Talbot County Restaurant Week (April 7-13): The annual Talbot Restaurant Week, sponsored by the Talbot County Office of Tourism and the Talbot County Tourism Board, is in its 10th year. Participating restaurants will offer prix fixe menus with special dishes and menus.

Salisbury Restaurant Week (April 8-14): Participating restaurants will offer 2-3 course, fixed-priced menus throughout the week, with chefs showcasing their best dishes and testing new recipes.

Ocean City Restaurant Week (April 28-May 11): Participating restaurants will offer fixed-price menu options for $10-$40. Reservations recommended.

 

Flavor from Down Under

I spent the last few hours of DC Cocktail Week 2018 Sunday evening at one of the few participating Arlington establishments, the authentic Australian-themed Oz Restaurant and Bar in Clarendon. Located on the corner of North Garfield and Clarendon Boulevard, a vibrant shopping and entertainment district popular with millennials, Oz is distinctive for its front window display of adorable koalas climbing Australian white birch trees.

The interior color and décor have an Outback theme, with burnt orange cushions, bamboo chairs and tawny paneling contrasted with a sky-blue ceiling.

Parliament Funkadelic was playing when I took a seat at the bar around suppertime, and I had the place almost to myself. The friendly bar manager, Eva Ramirez, said she was grateful for the lull after “the craziness of brunch.”

The restaurant’s pairing was the Oz toddy with spiced chimichurri shrimp. Ramirez was enthusiastic about Cocktail Week and said she really enjoyed making the toddy, a concoction of house-infused bourbon with maple syrup and tea, served with a rosemary sprig garnish in a rocks glass. The smooth drink has a hearty, rich flavor — perfect for autumn — with a mellowness that balanced the intense heat of the chimichurri shrimp, mouthwatering garlic-sauteed prawns covered in an Argentinian sauce. Ramirez was nice enough to share Chef Brad Feickert’s ingredients: parsley, oil, garlic, salt and red pepper flakes.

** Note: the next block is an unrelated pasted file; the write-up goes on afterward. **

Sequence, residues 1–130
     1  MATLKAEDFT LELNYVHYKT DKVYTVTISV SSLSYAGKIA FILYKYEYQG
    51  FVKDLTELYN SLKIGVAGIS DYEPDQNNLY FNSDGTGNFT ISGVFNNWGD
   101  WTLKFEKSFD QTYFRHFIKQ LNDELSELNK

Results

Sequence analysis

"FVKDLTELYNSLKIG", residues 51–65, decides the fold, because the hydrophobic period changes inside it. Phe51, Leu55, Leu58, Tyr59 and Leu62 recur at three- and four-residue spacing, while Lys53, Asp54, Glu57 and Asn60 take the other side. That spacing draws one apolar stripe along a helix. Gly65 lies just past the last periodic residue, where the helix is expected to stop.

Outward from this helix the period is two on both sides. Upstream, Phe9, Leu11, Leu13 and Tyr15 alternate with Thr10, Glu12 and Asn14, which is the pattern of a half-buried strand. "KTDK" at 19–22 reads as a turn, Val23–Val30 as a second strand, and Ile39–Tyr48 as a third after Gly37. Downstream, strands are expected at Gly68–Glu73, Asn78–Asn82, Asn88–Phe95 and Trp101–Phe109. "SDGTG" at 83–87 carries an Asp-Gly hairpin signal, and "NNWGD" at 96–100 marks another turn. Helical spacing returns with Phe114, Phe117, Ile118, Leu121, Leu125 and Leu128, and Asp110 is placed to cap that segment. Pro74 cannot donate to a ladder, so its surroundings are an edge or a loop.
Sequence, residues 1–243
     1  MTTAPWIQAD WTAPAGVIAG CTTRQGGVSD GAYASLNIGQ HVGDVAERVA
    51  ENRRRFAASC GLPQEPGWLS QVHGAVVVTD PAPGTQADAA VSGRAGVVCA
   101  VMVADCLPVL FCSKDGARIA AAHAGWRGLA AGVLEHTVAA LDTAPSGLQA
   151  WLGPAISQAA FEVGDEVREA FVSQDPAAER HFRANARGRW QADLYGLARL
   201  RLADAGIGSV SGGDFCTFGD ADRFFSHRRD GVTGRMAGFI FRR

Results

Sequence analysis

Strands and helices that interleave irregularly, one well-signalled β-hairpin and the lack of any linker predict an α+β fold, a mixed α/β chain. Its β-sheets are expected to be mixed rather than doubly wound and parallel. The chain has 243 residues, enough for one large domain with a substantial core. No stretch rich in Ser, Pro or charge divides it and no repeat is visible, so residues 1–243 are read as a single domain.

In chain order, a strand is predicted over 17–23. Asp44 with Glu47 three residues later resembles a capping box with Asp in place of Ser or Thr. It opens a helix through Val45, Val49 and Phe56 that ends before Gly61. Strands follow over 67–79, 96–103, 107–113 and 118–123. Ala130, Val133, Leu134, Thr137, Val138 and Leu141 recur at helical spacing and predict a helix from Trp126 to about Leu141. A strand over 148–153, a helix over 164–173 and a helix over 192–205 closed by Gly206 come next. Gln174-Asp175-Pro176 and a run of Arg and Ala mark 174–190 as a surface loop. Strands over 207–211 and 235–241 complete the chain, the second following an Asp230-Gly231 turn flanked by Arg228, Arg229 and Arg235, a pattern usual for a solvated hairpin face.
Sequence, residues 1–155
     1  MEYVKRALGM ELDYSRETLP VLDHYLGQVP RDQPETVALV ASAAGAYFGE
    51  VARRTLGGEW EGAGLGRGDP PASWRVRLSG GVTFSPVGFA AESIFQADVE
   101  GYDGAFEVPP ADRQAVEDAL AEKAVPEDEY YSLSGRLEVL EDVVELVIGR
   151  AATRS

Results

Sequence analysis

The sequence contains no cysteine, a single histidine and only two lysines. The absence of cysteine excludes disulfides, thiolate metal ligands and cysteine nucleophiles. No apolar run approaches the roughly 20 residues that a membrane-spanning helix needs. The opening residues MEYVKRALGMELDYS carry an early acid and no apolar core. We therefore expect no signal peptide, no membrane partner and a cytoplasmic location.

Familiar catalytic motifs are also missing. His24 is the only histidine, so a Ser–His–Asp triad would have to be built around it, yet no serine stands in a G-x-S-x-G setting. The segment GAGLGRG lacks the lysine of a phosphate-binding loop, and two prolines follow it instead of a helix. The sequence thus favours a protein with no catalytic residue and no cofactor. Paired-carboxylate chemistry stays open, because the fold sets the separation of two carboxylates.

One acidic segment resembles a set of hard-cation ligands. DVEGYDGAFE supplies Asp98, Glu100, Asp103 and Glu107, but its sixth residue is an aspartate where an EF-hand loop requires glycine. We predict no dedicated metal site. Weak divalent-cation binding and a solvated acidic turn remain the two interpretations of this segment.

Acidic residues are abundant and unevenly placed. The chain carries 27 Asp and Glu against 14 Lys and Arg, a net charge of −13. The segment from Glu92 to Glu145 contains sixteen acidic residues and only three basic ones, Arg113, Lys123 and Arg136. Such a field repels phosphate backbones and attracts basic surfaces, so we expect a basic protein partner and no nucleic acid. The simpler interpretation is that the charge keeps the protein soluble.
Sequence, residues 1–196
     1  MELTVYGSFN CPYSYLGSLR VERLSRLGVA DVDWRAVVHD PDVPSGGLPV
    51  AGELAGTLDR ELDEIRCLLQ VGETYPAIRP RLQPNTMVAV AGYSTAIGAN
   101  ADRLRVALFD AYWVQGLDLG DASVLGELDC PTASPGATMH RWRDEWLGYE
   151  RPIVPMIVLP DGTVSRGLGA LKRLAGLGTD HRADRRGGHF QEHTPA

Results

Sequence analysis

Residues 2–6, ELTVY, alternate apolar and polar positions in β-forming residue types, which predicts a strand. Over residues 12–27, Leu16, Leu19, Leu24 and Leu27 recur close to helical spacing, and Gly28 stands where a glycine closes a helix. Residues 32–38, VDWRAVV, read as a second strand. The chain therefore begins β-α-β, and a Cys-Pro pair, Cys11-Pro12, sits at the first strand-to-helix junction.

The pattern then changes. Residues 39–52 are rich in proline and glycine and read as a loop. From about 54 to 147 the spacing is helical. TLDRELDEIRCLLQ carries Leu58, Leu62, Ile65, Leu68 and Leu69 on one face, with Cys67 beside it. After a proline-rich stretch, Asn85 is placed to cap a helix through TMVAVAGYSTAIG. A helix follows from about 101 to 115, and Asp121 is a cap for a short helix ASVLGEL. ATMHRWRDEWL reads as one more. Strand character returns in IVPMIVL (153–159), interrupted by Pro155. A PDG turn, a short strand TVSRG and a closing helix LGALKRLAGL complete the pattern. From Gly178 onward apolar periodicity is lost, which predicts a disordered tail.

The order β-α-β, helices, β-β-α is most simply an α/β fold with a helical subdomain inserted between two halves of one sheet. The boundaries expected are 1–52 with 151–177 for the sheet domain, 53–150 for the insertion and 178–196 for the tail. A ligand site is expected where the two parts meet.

The menu features favorites from owner Michael Darby’s native Melbourne, with lots of meat pies, lamb and seafood and flavors that reflect that city’s diversity. I tried the corn appetizer, made with feta, sour cream and pumpkin seed and jalapeno, a generous portion for $7. Hands down, this was the most delicious dish I have had in years. The texture was soft and creamy with a salty smokiness that could only come from bacon — only it’s vegetarian and gluten-free. The zip of the jalapeno lingered but wasn’t overpowering. I cooled my palette with the Sydney, a refreshing blend of chilled vodka, grapefruit juice and basil leaves served in a tall glass.

Oz offers a dinner special of unlimited small plates for $36 and bottomless drinks for an extra $14. Happy hour is 4 to 7pm every day.

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Oz Restaurant and Bar, 2950 Clarendon Blvd., Arlington, Va.; 703.664.0693. http://www.ozarlington.com

 

 

 

Fig & Olive is a Bit of the Mediterranean Right Here in D.C.

DC Cocktail Week wound up this past Sunday, culminating a week of bargain-basement-priced pairings of cocktails and small bites at more than 65 restaurants througout the DMV.

I stopped in to try the offering at Fig & Olive, an upscale Mediterranean place at the end of Palmer Alley NW, which stretches from 9th to 11th St. NW.

The alley is delightful this time of year, transformed into a shiny corridor of white-lit trees, sheltered from the noise and bustle of D.C. traffic. The pace here slows down with visitors browsing high-end shops and taking selfies under hanging ornaments.

The Fig & Olive was busy Saturday night, the bars and tables full on both spacious floors. Manager Ian Kitzmiller and bartender Yimi Rivera said they have been busier than usual since last weekend, and that typically Fig & Olive has a big afterwork crowd, but lunch is heaviest.

It may be due to the start of the holiday season, or perhaps it’s the success of its Cocktail Week offering: the Fig & Olive Fizz with two rosemary and lavender madeleines for $15.

Rivera expertly mixed the Fig & Olive fizz and set it on the bar for me with two madeleines on a small white plate. The cocktail, a vibrant tangerine color that matches the ceiling over the bar, was topped with a perfect layer of foam. The proportion of sweet to tang is similar to a margarita’s, but warmer, with hints of caramel and fig. The madeleines were lightly browned and sweet, with a lovely soft texture.